The 10 June economic release, penned by Westpac’s Chief Economist Bill Evans, reported improved consumer confidence to be back “around pre-COVID levels”, having “recovered all of the extreme 20% drop seen when the pandemic exploded in March-April.”
The Westpac-Melbourne Institute Index of Consumer Sentiment recorded the 16.4% gain in May. A rise to 88.1 from the “extremely weak” 75.6 in April.
Evans reported that the Index is now only 2% below the average established in the September-February period.
However, the release did warn that given the difficult recovery ahead, “it would be surprising if the recent upward momentum continues.”
Further, the release pointed out that while the monthly gain was impressive, the index is still “relatively weak by historical standards — in pessimistic territory overall and down 7% on a year ago.”
COVID recession and 1990s recession: better times ahead
While the release found that the data still suggests families are financially constricted and concerned about the near-term economic outlook, there is “firming optimism around prospects for finances in the year ahead.”
Further, the release found that respondents are “confident that they can see eventual better times ahead whereas in the early 1990s there was a pervasive mood of despair for years.”
ASX 200 and improved consumer sentiment
Importantly for ASX 200 stocks reliant on discretionary spending, the Westpac release indicated that the largest gains were around views on the economic outlook and “time to buy a major item”.
The ‘time to buy a major item’ sub-index posted a strong 10.1% gain in June, on the back of a 26.7% May increase.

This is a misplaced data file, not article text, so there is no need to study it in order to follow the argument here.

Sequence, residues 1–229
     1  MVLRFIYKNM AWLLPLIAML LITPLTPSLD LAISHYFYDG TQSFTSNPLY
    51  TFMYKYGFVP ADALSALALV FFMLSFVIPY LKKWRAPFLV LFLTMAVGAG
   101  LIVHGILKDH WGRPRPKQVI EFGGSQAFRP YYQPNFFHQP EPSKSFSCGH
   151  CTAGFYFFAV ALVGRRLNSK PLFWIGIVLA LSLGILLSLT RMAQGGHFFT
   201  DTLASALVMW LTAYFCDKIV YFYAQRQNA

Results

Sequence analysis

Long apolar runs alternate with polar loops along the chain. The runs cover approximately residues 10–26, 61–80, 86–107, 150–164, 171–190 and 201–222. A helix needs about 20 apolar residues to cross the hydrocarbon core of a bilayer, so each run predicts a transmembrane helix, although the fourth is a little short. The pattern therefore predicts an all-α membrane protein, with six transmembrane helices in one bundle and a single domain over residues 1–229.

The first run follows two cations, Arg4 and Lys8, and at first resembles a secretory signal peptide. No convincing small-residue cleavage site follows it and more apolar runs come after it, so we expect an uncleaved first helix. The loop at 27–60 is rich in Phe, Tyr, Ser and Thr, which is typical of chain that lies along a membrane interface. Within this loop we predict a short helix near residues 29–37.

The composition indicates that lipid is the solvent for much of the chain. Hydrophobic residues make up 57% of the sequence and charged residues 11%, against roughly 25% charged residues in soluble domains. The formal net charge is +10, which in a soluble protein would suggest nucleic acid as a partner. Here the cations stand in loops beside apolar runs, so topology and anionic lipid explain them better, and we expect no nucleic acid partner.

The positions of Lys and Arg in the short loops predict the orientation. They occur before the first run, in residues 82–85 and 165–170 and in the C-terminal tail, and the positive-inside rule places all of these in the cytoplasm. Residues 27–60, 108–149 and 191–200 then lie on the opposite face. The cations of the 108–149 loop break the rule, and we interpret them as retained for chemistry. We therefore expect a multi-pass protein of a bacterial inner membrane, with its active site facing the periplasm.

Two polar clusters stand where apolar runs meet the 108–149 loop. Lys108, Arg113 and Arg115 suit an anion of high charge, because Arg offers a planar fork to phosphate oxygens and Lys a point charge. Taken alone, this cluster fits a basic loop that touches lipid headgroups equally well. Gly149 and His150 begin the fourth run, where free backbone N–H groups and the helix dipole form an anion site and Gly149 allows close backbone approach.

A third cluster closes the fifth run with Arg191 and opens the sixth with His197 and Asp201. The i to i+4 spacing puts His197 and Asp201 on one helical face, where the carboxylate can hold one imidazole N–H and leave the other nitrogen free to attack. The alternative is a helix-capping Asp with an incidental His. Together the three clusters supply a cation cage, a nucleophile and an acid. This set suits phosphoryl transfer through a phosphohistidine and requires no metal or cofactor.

That said, the buyer sentiment is still well below the long-run average.
Consumer expectations for house prices
Evans reported that consumer expectations for house prices improved. The Westpac-Melbourne Institute House Price Expectations Index rose 10.5%.
However, the index is still 43% below the cheery readings just before the COVID-19 lockdown. Further, Evans reported that survey results continue to “point to a sharp deterioration… compared to a few months ago.”
Finally, the proportion favouring real estate as the answer to ‘wisest place for savings’ dropped to 4% in March. Evans stated that this suggests “investors look likely to stay away from Australia’s housing market near term.”
ASX 200 analysis
Evans concluded the release by noting that “unusually, more respondents nominated shares (11.4%) than real estate as preferred investment options.”
Can the currently reported investment preference for shares over real estate, coupled with improved consumer sentiment lift the ASX 200? Will the improved sentiment percolate across the economy?
The sentiment can certainly impact the discretionary spending sector, at least in the near-term.
For instance, the S&P/ASX 200 Consumer Discretionary (ASX: XDJ) is up 7% from this time last month. It’s also up 4% from this time 3 months ago.
Additionally, Wesfarmers Ltd (ASX: WES) — a stock that certainly benefits from improved consumer sentiment — is up 12.4% from this time last month. JB Hi-Fi Limited (ASX: JBH) is also enjoying gains — up 11.3% from last month.